With so many sound libraries marketed as being “cinematic,” the word has become meaningless. Most collections rely inordinately on loops of clipped, bit-reduced, and reverb-drenched percussion. Larger-than-life, “bone-crushing” sounds have their place, but as in most music—and cinema—range is everything.
The giant-size sonics are present in Heavyocity’s latest product, Aeon Collection, but they are tempered with a generous distribution of more intimate, natural-scale sound, as well, with plenty of tools to rough up and process things as needed.
Aeon Collection comprises two independent but related modules for Native Instruments’ Kontakt 5 and Kontakt Player: Aeon Rhythmic and Aeon Melodic, which are also available individually.
Aeon Rhythmic focuses on sliced-loop playback and sequencing, whereas Aeon Melodic offers sampled synths, basses, hits, and other sounds. Still, there’s plenty of overlap: The Melodic module can be as rhythmically active as the rhythmic component. Both components can take advantage of Aeon’s powerful arpeggiator—a step sequencer with detailed editing for each step, including pitch, velocity, duration, rhythmic value, and Trigger FX.
Trigger FX, which rely on keys outside of each patch’s playing range, enact discrete DSP on the patches, such as bit reduction, distortion, filtering, and other sound-altering techniques. You can radically change the character of the patch from subtle to aggressive and up-front with a simple turn of the Punish knob, which adds or removes compression and saturation. The Twist control tweaks the patch’s tone color. Use an LFO to animate timbral changes by setting a rate and a starting point for the animation.
Aeon Rhythmic’s unique loop-tune feature offers two octaves of loop playback in the bottom octaves of the patch. The result evokes the Korg Wavestation’s wave-sequencing capabilities, which are adapted to different keys and tempos. (Find audio clips demonstrating these examples at emusician.com; here, listen to Audio Clip 1.) The Trigger FX section lets you sequence modulation effects, providing tremendous animation control over each loop slice or arpeggiator event. Still, there’s a bit of room for improvement: Because triplet values can be overkill when you just want a bit of swing, a swing control knob would be a welcome addition to Aeon’s arpeggiator, particularly in the Melodic module.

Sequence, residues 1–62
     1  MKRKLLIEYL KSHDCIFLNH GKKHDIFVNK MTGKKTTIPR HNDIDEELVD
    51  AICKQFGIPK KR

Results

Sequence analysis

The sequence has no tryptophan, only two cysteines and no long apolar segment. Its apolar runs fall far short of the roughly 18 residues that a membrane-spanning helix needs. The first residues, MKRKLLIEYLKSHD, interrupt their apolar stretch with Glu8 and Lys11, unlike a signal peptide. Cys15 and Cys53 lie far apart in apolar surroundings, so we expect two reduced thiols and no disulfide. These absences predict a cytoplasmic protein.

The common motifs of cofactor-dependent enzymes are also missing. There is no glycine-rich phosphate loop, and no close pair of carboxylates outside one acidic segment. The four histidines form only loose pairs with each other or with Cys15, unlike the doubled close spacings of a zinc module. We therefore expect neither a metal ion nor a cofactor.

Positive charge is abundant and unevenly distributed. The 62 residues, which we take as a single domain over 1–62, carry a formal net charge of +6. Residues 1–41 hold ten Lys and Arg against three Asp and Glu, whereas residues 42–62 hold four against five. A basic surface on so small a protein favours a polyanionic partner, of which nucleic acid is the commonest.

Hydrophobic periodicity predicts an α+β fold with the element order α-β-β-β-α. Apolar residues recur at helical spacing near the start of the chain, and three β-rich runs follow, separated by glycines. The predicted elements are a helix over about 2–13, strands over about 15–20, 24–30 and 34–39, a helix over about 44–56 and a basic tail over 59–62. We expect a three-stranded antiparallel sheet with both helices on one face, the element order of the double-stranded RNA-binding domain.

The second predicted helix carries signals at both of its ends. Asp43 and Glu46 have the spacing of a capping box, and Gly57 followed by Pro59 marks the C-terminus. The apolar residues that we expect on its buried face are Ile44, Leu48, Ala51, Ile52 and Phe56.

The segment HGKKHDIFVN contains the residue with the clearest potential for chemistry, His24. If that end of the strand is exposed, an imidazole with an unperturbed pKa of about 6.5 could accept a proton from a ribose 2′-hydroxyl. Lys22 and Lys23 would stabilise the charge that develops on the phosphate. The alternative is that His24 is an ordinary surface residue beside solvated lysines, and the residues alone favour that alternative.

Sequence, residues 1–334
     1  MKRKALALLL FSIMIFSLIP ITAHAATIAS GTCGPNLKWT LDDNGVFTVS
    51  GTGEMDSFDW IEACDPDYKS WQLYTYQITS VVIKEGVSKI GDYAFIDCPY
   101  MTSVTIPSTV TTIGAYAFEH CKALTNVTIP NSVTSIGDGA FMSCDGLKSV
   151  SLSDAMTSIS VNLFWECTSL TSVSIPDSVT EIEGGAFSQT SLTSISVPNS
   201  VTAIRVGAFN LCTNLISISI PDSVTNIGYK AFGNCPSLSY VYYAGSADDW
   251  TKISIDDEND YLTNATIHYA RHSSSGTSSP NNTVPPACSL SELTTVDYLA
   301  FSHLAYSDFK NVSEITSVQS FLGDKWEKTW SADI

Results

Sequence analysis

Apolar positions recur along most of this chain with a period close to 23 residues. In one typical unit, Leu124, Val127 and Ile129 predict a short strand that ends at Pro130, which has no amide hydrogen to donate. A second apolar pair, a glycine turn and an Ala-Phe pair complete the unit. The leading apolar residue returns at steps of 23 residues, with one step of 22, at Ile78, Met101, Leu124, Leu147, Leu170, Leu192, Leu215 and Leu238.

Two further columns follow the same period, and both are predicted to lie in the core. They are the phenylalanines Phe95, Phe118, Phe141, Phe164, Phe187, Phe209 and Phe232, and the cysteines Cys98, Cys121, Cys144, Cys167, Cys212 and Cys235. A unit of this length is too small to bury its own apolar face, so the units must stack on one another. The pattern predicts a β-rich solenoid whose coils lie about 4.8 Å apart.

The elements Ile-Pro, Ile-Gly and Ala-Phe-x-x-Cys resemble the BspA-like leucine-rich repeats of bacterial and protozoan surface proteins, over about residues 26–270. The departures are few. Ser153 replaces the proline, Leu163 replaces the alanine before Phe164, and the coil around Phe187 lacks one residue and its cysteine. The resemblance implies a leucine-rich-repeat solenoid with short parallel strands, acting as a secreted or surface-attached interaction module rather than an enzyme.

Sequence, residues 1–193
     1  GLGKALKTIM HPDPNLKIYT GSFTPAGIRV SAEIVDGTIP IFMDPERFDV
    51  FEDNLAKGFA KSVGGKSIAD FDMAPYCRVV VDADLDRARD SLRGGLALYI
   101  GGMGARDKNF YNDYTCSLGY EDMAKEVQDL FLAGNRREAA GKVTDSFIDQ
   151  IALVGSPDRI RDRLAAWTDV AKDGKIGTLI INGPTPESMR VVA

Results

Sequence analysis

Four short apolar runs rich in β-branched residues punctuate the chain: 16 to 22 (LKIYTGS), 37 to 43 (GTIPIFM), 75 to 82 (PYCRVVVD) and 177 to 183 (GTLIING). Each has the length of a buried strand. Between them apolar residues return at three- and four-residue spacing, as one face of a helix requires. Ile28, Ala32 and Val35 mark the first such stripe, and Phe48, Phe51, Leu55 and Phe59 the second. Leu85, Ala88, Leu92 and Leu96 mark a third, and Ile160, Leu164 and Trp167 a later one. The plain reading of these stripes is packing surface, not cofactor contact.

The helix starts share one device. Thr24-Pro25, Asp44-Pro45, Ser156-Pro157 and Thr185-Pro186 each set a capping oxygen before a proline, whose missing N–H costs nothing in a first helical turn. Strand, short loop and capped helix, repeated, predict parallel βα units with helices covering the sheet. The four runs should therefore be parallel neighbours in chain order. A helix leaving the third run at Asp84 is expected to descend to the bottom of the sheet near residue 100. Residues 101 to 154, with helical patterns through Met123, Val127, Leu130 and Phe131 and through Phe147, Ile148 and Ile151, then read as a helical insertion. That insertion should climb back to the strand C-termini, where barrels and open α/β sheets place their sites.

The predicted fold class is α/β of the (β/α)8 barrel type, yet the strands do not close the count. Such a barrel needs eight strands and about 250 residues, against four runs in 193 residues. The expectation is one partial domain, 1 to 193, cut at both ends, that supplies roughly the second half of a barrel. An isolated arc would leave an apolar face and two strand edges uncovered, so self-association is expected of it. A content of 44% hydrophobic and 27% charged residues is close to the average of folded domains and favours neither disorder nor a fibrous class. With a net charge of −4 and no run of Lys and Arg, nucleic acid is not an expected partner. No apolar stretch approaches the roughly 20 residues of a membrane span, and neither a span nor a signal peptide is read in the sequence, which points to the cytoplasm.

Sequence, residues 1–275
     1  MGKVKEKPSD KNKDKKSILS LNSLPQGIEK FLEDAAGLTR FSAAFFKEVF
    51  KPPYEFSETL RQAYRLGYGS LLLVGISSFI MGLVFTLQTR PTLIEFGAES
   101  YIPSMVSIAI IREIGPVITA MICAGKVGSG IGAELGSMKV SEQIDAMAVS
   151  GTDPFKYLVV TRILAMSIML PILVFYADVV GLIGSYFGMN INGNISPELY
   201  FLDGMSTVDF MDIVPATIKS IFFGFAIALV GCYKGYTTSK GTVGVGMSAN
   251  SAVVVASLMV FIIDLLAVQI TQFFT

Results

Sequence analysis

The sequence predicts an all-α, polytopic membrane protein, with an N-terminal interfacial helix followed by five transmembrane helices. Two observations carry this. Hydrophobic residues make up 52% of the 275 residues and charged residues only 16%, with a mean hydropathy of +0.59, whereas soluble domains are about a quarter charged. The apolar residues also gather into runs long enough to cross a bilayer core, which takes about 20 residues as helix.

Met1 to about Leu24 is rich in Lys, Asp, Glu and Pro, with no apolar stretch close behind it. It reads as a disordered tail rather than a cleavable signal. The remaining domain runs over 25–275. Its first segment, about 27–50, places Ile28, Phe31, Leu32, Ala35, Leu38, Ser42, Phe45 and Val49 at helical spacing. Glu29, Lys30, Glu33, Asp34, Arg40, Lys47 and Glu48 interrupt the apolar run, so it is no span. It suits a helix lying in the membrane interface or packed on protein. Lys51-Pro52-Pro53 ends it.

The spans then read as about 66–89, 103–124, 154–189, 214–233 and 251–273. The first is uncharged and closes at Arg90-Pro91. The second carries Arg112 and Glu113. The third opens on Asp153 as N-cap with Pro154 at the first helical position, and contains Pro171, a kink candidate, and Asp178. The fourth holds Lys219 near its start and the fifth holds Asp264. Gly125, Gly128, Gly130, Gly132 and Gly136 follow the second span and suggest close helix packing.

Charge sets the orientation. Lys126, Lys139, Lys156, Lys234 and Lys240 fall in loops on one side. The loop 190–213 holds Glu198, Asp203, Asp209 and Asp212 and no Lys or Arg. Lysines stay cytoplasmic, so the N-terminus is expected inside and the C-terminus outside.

Aeon Rhythmic hosts folders of loop menus and individual loops. Use the menus to audition loops or create construction kits of massive, polyrhythmic clusters, or load the individual patches that you like. Choose between the more aggressive, rough-hewn stuff like Bit-Reducing Bass, or more delicate sonorities such as Plunk (Audio Clip 2).
The menu structure of the Melodic module is somewhat different, holding Hits and folders titled Hybrid, Organic, and Synth, with arpeggiated variants of the latter two. Hybrid folds synth-generated tones into electric and acoustic timbres, but not in any way that you might expect. Heavenly Crotale Swells sounds like an Oberheim Expander pad with a chiming, rhythmic high-end (Audio Clip 3). Other favorites include the sweet, rolling percussion of Tank Drum Steel M-Arp (Audio Clip 4). Timpani M-Arp is atmospheric and haunting, especially with triggered effects (Audio Clip 5). Apart from presets, you have plenty of tools to put your own stamp on your sounds.
Aeon Melodic and Aeon Rhythmic blend together beautifully and they are a great addition to the Heavyocity line. Aeon Collection may be all you need for unusual, cinematic sounds.
Marty Cutler is a sound designer and a bluegrass banjo player of note (or many notes).
A wide and dynamic
range of unique, useful sounds with a
tremendous degree of customization.
The Melodic module’s
arpeggiator could benefit from a swing
$299 MSRP (Aeon Melodic), $199 MSRP (Aeon Rhythmic), $399 MSRP (Aeon Collection)